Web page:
New study to tackle episodes of loneliness
Psychologists at the University hope new research will raise awareness of the ways in which increasing numbers of people – from migrants and carers to students and lone workers – are affected by episodes of loneliness.
Loneliness continues to attract intense media attention, although the focus is almost always on the 'chronically lonely' - those reporting dissatisfaction
with social relationships for two or more consecutive years. Yet people who are temporarily separated from family and friends and undergo important life transitions or disruptions are similarly vulnerable to periods of loneliness.
Such groups might include migrant workers moving to the UK for employment, students who leave home to study, lone workers, and those who find themselves in the position of needing to provide full-time care to a family member. Due to the episodic nature of loneliness for these groups, they may be less likely to take steps to deal with it.
Through their study, 'Loneliness in the Digital Age: Building Strategies for Empathy and Trust', our researchers will work with these groups to explore their experiences of feeling lonely and consider ways in which technical interventions could play a role in combating this.
Professor Julie Barnett, of the Department of Psychology and co-investigator on the project explains:
“In considering whether and how creative uses of technology might play a role in enabling people to manage episodes of loneliness, it is vital to really understand the experiences of the groups that we are working with. This is the main focus of the early stages of the work being conducted here at Bath.”
Lead researcher Professor Mike Wilson from the School of the Arts, English and Drama at Loughborough University said:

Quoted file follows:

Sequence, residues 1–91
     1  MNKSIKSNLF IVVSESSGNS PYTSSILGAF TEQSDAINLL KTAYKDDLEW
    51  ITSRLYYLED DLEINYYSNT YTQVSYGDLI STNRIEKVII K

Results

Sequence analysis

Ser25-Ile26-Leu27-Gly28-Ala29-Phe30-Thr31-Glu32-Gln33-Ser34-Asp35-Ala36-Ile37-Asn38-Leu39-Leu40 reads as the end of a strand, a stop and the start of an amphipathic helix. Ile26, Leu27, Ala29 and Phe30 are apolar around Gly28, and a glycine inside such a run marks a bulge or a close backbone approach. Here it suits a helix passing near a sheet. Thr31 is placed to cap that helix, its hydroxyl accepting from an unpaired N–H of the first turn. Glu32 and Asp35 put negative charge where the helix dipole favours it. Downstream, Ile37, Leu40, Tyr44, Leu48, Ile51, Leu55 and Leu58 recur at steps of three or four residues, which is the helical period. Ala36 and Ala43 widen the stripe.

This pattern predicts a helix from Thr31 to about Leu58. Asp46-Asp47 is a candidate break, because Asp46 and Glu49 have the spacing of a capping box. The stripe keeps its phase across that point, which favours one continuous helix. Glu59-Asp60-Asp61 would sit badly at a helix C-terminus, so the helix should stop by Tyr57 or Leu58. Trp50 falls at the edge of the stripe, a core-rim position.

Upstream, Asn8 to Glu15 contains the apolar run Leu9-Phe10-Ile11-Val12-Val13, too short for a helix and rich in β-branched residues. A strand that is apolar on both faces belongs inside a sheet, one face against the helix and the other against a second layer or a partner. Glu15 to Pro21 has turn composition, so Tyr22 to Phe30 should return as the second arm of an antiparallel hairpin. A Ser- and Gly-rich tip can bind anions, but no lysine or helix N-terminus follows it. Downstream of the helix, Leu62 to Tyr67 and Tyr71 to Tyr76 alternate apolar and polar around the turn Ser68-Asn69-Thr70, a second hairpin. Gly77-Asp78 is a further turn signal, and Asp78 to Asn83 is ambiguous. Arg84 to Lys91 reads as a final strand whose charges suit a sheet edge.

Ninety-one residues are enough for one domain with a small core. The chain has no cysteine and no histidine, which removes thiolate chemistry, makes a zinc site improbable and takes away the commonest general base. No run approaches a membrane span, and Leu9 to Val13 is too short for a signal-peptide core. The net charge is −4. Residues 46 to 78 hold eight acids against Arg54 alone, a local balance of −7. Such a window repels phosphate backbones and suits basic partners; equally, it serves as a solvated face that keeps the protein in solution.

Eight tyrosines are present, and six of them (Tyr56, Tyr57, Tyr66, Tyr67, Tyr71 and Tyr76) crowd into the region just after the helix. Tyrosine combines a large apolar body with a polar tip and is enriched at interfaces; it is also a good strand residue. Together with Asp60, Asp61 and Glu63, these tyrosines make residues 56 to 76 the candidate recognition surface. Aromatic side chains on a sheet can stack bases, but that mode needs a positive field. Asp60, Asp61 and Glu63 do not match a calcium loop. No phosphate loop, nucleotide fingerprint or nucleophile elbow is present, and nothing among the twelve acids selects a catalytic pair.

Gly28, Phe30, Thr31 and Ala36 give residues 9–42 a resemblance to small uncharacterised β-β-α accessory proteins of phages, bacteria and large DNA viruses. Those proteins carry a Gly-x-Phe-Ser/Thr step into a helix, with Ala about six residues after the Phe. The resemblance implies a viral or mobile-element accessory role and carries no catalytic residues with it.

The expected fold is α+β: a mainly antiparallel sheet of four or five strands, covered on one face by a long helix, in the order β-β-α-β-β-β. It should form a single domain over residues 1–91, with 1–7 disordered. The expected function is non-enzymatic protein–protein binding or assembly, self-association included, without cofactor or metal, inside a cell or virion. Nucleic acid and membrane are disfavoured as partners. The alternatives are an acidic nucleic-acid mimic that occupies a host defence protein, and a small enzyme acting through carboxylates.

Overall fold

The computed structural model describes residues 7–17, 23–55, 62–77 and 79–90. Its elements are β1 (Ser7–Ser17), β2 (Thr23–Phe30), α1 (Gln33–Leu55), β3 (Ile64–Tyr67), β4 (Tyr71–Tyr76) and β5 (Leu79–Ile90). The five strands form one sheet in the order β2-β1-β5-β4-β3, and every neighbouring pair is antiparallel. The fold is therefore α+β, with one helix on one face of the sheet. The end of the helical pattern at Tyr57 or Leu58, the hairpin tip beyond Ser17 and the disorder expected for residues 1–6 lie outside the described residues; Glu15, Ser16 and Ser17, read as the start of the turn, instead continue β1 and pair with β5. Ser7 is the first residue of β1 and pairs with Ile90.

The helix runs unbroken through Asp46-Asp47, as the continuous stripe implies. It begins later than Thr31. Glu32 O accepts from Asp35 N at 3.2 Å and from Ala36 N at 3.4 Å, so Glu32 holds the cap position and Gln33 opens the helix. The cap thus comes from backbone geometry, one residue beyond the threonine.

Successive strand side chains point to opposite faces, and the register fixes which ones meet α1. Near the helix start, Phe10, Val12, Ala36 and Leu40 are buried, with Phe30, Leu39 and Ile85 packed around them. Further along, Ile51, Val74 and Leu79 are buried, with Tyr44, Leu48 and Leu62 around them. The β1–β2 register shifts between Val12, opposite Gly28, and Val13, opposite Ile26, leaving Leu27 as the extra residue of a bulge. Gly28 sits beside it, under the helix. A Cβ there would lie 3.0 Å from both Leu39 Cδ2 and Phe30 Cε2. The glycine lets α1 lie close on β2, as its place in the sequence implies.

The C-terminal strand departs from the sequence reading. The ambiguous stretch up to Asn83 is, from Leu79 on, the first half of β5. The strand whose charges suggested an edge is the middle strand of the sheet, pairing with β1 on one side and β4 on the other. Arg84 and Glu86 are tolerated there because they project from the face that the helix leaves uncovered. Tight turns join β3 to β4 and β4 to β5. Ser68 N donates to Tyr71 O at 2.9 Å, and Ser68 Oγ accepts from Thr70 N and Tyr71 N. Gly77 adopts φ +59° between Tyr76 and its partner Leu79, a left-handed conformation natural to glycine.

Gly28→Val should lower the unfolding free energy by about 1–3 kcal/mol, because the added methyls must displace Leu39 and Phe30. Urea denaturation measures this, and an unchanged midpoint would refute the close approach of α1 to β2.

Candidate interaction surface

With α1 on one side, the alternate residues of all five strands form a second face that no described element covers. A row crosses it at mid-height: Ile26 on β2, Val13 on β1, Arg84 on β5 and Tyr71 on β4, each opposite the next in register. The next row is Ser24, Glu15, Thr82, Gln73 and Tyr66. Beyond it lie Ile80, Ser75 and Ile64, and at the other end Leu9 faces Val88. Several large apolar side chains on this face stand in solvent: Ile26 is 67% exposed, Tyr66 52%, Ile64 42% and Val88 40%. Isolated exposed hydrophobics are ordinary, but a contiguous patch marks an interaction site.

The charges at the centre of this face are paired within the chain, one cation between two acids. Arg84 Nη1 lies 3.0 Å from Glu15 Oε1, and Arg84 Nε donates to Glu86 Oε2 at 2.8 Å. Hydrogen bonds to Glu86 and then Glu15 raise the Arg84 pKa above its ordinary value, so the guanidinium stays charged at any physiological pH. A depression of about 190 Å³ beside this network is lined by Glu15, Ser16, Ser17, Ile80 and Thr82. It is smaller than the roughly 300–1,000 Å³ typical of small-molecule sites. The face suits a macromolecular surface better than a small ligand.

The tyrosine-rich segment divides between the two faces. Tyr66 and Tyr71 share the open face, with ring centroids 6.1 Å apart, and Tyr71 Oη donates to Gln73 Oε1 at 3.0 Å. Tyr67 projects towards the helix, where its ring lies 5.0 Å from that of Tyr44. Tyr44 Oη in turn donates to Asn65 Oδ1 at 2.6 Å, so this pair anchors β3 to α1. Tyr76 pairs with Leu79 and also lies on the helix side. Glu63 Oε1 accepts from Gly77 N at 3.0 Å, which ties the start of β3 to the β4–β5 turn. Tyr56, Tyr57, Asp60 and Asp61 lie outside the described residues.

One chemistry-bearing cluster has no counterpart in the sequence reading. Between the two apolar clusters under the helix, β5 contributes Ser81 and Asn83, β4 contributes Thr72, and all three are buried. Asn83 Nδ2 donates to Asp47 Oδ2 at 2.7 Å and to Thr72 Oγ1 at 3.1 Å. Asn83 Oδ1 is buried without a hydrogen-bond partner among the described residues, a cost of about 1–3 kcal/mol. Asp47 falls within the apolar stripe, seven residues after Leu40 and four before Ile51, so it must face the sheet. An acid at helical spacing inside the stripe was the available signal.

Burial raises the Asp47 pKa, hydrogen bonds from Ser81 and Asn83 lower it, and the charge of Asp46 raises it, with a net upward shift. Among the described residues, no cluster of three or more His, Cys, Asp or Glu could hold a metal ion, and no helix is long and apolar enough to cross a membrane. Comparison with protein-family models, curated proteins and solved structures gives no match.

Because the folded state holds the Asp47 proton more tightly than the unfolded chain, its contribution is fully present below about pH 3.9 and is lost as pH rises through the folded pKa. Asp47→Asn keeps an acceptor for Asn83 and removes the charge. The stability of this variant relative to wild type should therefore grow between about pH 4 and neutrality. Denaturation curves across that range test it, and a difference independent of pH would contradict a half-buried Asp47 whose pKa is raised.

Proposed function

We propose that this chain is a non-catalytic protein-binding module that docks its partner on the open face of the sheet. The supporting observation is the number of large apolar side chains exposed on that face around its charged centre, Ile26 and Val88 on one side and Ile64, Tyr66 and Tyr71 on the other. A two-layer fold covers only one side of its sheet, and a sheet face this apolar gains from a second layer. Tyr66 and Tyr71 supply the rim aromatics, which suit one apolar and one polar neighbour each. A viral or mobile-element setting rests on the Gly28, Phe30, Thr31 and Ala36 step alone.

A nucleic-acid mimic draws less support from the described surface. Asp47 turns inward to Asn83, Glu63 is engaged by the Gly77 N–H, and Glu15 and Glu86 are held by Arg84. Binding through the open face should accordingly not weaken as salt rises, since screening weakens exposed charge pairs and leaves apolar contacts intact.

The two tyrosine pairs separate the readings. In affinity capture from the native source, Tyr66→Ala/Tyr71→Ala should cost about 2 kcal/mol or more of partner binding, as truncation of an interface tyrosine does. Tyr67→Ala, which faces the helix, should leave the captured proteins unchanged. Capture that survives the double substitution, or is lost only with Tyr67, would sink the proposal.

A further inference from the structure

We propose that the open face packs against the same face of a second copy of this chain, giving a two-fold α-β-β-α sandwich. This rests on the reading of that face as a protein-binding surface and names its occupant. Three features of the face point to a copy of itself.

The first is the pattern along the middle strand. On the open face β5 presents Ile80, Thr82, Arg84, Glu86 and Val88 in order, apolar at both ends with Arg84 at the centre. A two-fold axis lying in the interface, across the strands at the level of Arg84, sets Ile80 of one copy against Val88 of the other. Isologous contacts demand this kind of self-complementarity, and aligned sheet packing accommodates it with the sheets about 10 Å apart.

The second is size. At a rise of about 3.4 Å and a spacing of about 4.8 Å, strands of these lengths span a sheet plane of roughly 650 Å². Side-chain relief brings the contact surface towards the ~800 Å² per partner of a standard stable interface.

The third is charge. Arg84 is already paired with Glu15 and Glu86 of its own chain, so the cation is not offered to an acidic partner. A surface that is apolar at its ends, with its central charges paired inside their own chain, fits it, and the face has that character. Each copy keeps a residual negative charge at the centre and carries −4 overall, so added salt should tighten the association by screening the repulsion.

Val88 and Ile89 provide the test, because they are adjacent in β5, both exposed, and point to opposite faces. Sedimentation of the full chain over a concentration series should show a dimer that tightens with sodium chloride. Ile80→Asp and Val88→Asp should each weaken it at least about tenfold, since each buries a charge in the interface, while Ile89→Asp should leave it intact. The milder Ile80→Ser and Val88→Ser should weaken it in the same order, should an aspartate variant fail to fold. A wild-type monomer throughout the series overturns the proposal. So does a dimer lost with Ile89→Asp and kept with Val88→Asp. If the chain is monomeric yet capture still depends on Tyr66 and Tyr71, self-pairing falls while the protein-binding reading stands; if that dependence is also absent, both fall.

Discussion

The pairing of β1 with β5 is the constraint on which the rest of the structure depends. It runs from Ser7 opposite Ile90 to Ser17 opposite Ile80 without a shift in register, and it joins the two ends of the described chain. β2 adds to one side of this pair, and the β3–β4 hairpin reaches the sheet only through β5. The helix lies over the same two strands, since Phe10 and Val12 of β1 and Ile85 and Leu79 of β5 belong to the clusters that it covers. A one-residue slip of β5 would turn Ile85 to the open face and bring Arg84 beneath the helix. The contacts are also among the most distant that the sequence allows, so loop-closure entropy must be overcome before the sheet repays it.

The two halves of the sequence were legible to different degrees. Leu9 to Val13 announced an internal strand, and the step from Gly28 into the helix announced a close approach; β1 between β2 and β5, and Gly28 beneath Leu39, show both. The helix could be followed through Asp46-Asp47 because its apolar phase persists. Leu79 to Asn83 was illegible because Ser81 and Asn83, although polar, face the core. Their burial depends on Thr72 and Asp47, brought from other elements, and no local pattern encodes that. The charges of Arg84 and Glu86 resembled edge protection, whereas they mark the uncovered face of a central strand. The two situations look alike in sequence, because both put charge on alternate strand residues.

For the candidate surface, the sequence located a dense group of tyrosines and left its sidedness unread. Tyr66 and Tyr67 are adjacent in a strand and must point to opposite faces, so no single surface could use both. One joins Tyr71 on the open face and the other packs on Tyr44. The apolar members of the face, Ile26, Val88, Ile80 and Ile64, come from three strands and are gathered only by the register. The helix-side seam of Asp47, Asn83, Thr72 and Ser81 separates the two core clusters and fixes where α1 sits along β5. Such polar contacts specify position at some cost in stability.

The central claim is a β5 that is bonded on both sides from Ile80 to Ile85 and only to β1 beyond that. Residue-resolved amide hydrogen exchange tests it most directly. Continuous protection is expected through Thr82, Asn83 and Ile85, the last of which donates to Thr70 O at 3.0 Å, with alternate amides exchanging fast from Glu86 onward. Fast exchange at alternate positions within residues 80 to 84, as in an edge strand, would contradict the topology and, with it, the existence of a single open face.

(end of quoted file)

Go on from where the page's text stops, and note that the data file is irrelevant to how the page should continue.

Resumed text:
“It is ironic that in an age where we are more digitally connected than ever to the world around us, increasing numbers of people are experiencing periods of loneliness. Our aim is to better understand what it means to be transiently lonely, to map how and when these feelings occur, and to work with those affected to explore how this loneliness could be alleviated through creative interventions and technology.”
The LiDA project is funded by the Economic and Social Research Council (ESRC), along with the Arts and Humanities Research Council (AHRC), the Engineering and Physical Sciences Research Council (EPSRC), and The Defence Science and Technology Laboratory (Dstl), and brings together researchers from Bath with Loughborough University and the Universities of Newcastle, Exeter and Northumbria.
According to the latest Research Excellence Framework (REF) 2014, our psychology research was independently judged to be sixth nationally for grade point average with 84 per cent assessed as 'world leading'. To find out more about our REF performance see http://www.bath.ac.uk/research/performance.
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